08 Jun 2016
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He was one of nature’s biggest gifts, and the country owes him thanks. —Charles M. Russell, 1925 The bald eagle has been the national symbol since 1782, but the Western artist Charlie Russell was right: The buffalo was far more important to the story of the American West. Congress agrees on very little these days, but this May, it successfully passed a bill that was quickly signed by President Obama. The National Bison Legacy Act designates the American bison, most often called the buffalo, as our first national mammal. What’s more, the bill enjoyed the support of a wide array of ranchers, environmentalists, zoos, outdoorsmen and Native Americans. As the Wildlife Conservation Society put it, the animal “is an icon that represents the highest ideals of America.” The story of the buffalo, once roaming in immense herds, also touches on some of the lowest points in American history. As settlers…
06 May 2016
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"It never failed that during the dry years the people forgot about the rich years, and during the wet years they lost all memory of the dry years. It was always that way." —John Steinbeck, East of Eden California’s State Water Resources Control Board recently indicated that mandatory water restrictions could be lowered in some parts of the state later this spring. Such a move would come just one year after the wise decision that encouraged residents to save water in the midst of a severe, multi-year drought. Regardless of the board’s decision, Californians need to shift permanently toward water conservation and efficiency. In fact, that’s not a bad idea for all Americans. There’s no denying it: There was a lot more rain and snowfall in California this past winter than we’ve seen in recent years, especially the last five. Unfortunately, when it comes to the drought, a closer look…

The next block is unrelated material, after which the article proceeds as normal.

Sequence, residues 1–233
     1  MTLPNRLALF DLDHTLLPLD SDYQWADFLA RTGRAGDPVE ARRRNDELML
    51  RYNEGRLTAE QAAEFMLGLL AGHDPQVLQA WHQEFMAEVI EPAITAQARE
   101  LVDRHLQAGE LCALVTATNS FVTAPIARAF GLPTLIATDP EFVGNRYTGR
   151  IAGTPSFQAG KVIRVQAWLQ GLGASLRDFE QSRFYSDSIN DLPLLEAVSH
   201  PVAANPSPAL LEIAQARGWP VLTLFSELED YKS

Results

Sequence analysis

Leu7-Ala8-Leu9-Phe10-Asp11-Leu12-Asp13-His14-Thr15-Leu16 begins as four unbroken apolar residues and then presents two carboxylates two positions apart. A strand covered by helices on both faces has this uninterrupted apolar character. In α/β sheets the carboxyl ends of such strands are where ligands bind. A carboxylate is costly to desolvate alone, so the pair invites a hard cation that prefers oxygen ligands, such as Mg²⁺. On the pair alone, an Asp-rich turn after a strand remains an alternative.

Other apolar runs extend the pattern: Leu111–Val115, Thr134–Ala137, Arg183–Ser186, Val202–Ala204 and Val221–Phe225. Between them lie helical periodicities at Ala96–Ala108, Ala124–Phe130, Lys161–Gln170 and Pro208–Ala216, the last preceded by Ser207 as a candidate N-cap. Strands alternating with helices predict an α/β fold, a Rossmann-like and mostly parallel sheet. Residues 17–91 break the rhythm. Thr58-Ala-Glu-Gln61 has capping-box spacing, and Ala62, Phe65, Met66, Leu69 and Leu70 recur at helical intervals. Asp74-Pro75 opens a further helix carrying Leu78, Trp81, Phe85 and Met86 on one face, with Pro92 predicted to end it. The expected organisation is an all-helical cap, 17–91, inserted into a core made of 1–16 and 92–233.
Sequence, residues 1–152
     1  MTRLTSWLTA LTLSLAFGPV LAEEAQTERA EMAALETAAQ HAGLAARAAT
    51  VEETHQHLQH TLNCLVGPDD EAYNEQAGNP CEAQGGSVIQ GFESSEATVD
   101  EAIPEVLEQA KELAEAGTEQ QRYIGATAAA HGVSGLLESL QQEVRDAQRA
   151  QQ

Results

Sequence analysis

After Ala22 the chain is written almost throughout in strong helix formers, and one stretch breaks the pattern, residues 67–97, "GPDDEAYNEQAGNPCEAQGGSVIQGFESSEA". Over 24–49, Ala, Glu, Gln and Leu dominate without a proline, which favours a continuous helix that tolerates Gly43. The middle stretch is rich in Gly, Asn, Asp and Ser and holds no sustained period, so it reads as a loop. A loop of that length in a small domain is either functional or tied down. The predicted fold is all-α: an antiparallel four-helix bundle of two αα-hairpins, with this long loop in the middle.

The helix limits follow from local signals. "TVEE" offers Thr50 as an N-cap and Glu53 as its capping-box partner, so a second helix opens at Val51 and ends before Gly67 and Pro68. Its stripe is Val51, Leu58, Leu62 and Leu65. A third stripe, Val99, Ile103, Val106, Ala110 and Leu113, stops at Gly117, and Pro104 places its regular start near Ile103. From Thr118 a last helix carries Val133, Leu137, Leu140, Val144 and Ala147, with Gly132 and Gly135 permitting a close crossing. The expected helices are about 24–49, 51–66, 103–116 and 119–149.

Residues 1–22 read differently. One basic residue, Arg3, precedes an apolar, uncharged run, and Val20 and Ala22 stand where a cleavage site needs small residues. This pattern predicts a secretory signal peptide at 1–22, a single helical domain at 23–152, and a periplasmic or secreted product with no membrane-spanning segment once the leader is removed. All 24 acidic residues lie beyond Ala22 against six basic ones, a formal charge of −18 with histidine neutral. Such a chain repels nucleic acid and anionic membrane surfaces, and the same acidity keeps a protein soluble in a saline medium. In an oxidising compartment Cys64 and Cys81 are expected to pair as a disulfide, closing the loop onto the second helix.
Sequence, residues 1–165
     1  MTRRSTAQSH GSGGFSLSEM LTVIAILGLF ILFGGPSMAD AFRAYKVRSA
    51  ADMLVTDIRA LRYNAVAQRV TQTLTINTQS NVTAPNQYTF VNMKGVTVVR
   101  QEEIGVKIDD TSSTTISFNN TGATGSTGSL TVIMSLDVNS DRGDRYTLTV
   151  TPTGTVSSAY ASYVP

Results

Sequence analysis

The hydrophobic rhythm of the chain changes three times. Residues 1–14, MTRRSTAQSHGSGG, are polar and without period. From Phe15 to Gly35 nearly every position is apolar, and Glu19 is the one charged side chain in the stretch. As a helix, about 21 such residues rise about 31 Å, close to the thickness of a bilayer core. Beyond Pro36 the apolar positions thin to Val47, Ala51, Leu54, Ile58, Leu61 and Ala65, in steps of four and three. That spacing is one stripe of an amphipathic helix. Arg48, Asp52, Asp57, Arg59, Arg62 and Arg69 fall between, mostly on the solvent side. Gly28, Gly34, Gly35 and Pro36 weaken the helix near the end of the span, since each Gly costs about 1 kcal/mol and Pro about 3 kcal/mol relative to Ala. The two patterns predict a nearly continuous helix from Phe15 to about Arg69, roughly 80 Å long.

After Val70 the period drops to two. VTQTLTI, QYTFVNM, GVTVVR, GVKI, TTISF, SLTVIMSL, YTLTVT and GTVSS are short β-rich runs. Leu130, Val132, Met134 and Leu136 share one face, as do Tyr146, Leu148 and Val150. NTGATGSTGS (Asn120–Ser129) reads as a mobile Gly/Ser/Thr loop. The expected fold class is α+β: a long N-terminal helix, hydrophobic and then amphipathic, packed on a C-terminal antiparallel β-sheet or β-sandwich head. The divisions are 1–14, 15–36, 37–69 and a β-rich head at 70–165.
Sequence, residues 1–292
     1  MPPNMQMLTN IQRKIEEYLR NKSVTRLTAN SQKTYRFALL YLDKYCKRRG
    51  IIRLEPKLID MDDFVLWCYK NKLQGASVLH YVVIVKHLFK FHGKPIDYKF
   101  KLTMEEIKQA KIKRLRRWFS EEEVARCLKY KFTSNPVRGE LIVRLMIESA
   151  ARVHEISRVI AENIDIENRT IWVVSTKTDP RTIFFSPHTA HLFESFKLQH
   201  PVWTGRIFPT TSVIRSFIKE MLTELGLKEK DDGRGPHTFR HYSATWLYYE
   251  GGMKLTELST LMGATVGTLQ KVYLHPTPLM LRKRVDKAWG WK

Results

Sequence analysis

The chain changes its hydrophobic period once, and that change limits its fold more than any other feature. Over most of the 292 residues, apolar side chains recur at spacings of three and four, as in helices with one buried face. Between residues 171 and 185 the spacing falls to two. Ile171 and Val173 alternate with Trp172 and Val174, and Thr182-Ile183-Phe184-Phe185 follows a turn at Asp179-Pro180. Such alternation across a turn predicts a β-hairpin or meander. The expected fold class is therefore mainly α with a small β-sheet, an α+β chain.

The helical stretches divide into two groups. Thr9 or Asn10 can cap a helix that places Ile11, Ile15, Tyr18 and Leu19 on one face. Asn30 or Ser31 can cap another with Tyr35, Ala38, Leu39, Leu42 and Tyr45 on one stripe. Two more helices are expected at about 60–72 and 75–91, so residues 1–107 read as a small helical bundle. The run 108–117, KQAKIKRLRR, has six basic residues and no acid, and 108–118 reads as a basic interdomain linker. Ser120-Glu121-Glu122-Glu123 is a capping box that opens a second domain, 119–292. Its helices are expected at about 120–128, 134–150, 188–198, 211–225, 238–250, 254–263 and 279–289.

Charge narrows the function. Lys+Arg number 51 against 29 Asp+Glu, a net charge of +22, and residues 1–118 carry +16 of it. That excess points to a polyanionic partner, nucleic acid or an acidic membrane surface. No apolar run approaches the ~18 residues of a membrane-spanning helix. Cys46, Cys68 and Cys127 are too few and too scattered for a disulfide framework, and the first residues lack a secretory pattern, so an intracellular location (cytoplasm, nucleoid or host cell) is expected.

12 Apr 2016
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Editor’s Note: On March 8, the Independent published an opinion piece titled “Community Voices: It’s a Terrible Waste of Time to Argue for Bikes in Wilderness.” Here’s a piece that takes the opposite viewpoint. It hasn’t happened yet, but one day, bicycles and baby strollers will be welcome in wilderness. That’s the goal of the nonprofit Sustainable Trails Coalition, which seeks to permit forms of human-powered trail travel—beyond walking—in wilderness areas. Congress never prohibited biking or pushing a baby carriage in wilderness. Both are banned by outmoded decisions that federal agencies made in the 1970s and 1980s. Over time, those decisions became frozen into place by lethargy and inertia. It is true that the Wilderness Act forbids “mechanical transport.” By this, however, Congress meant people being moved around by machines, not people moving themselves with mechanical assistance. Now that wilderness acreage is larger than California and Maryland combined—vastly larger than…
12 Mar 2016
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Last month, California’s Mojave and Colorado Deserts, along with the neighboring San Bernardino Mountains, became home to three new national monuments—Castle Mountains, Mojave Trails and Sand to Snow—thanks to President Barack Obama’s use of the Antiquities Act. Together, these new monuments protect 1.8 million acres of desert and mountains. These new monuments will help preserve the ecological integrity of a region under tremendous pressure from two of the country’s fastest-growing urban regions, Los Angeles and Las Vegas. By connecting existing protected areas, plants and animals will have a better chance to move to cooler and wetter climates as our deserts become hotter and drier due to climate change. These new monuments will help to ensure that California’s magnificent deserts and neighboring mountains are healthy and whole for years to come. The monuments also protect a region that’s brimming with stories of the diverse people who’ve made their homes here. Castle…